A Complete Analysis Of Trump’s 109th Unpresidented Week As POTUS
President Trump’s authoritarian tendencies become the bedrock of his presidency.
Trump’s first major typo after winning the election was spelling Unprecedented incorrectly. He infamously tweeted “Unpresidented.” This typo is a personification of his administration: An impulsive, frantically thrown together group of characters with virtually no oversight. After Trump was sworn in, I started writing the weekly “Unpresidented” column, analyzing his every move. This is week 109.
One week into President Trump’s fake national emergency and it’s clearer than ever there is no emergency on the border, but there is one in the White House.
President Trump ratcheted up the authoritarian rhetoric. Trump called for satire targeting him to face “retribution,” called for the investigators probing him to be imprisoned, accused former Acting FBI Director Andrew McCabe of “treason” and an “illegal coup” attempt, and attacked the media as the “enemy of the people.”
As the President of the United States verbally assaulted the fourth estate, a radical right-wing terrorist, U.S. Coast Guard Lt. Christopher Paul Hasson, was plotting a deadly attack on journalists and prominent Democrats. After Hasson’s arrest, President Trump tweeted about… Jussie Smollett. In the midst of a stunning 30% surge of hate crimes over the last four years, conservatives like Ann Coulter are now falsely claiming that Smollett’s potentially staged assault is proof that all hate crimes are hoaxes.
Meanwhile, The New York Times reported the most comprehensive breakdown of the publicly available evidence of President Trump and House Republicans’ endeavor to obstruct the investigations plaguing the president. The report included a new piece of reporting that alleged then-Acting Attorney General Matthew Whitaker was asked by Trump if he could re-install a Trump ally to oversee the investigations under the jurisdiction of the Southern District of New York. House Democrats are reportedly probing him for potentially perjuring himself in his testimony last week by denying he was pressured over the ongoing probes into the president. President Trump’s obsession with undermining the investigations plaguing him will likely reach a fever pitch in the coming weeks.
As we await Special Counsel Robert Mueller’s report, all eyes are on what will surely be a blockbuster week ahead. President Trump is in Vietnam for his second summit with North Korean Dictator Kim Jong Un – which will likely be just as self-defeating as the first one. And this coming Wednesday, the same day of the summit, Trump’s former fixer Michael Cohen is appearing before the House Oversight Committee.
Before we start another major week, let’s look back at the one we left behind.
This comprehensive column sources great reporting from top news organizations, but it’s also built on brilliant analysis from my team at Rantt Media. We are independently-owned and take pride in being reader-funded so that we are beholden to you, not corporate interests. If you like the work we do, please consider supporting us by signing up for a monthly subscription. Below, you’ll see daily breakdowns that are derived from our exclusive Rantt Rundown newsletter, which you can subscribe to:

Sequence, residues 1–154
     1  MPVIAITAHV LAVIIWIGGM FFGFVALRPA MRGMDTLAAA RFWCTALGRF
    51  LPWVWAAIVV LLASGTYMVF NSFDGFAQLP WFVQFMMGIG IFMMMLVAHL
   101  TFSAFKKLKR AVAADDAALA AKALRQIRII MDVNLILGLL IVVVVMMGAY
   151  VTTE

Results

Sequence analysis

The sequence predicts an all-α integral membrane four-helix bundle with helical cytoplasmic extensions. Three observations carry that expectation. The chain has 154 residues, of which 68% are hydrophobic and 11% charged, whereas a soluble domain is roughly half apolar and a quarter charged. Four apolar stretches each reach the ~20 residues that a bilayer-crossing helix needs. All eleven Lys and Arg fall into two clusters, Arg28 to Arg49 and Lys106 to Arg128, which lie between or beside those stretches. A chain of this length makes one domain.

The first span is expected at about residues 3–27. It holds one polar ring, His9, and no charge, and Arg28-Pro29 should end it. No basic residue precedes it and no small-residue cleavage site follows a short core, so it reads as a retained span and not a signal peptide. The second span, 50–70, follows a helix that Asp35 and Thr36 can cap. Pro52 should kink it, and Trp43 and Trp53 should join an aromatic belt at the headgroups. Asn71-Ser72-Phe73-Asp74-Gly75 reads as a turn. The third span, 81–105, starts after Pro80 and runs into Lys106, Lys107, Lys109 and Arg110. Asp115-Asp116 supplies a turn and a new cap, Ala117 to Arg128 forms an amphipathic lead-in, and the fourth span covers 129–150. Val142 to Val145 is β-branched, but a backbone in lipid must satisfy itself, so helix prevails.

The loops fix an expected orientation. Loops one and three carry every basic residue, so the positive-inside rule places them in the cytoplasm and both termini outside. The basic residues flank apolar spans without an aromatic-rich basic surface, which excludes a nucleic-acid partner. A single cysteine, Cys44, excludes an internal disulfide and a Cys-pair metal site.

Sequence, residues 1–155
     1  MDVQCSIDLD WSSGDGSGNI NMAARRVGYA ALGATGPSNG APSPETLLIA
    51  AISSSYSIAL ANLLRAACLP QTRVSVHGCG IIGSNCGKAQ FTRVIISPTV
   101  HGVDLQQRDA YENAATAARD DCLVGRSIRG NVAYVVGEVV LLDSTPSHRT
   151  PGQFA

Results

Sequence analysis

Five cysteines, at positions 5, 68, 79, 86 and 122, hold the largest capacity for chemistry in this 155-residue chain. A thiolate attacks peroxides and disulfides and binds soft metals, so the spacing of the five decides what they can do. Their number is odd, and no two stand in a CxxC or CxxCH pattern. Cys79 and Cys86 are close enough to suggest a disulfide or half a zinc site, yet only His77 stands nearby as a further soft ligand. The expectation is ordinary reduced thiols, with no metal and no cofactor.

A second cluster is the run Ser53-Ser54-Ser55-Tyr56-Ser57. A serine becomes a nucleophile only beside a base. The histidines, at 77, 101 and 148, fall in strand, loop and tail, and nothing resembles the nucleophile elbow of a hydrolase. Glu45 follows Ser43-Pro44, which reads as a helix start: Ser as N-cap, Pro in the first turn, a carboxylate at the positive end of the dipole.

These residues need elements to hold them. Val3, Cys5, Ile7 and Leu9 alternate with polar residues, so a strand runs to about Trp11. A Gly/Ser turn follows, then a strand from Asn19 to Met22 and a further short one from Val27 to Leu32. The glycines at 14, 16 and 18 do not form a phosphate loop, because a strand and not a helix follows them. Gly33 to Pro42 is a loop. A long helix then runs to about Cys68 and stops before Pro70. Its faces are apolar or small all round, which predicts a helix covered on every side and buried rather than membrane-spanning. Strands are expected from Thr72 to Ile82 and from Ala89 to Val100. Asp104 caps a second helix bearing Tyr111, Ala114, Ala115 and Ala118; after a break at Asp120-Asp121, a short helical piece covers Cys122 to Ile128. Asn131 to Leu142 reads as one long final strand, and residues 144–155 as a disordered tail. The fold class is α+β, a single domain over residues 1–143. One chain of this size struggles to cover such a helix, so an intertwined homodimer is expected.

Day 760: Monday, February 18
Republican administrations have vastly more corruption than Democratic administrations. We provide new research on the numbers to make the case.
We compared 28 years each of Democratic and Republican administrations, 1961-2016, five Presidents from each party. During that period Republicans scored eighteen times more individuals and entities indicted, thirty-eight times more convictions, and thirty-nine times more individuals who had prison time.
Over the last 6 decades, Republican administrations have been significantly more corrupt than Democratic administrations.
— Rantt Media (@RanttMedia) February 18, 2019
In other news…
- The New York Times: Rift Between Trump and Europe Is Now Open and Angry
- President Trump had quite the 24 hours of tweeting.
Trump tweets, last 24 hrs:
1. My deputy attorney general is a criminal
2. I’m being targeted by an “illegal coup”
3. The people investigating me should be jailed
4. Television networks that air jokes about Republicans should face “retribution”
— Judd Legum (@JuddLegum) February 18, 2019
Undermining the DOJ.
A fake national emergency.
Calls to jail political opponents.
This is dangerous and un-American.https://t.co/2RCEgKGEtg
— Rantt Media (@RanttMedia) February 18, 2019
- Former Acting FBI Director Andrew McCabe’s 60 Minutes interview made waves.
“I don’t care. I believe Putin,” Pres Trump allegedly said, rejecting U.S. intelligence regarding North Korean intercontinental ballistic missile capability. McCabe says he heard this from an FBI official who was at the meeting with POTUS. https://t.co/9zmoxrYNjm pic.twitter.com/lo0g9VOMAG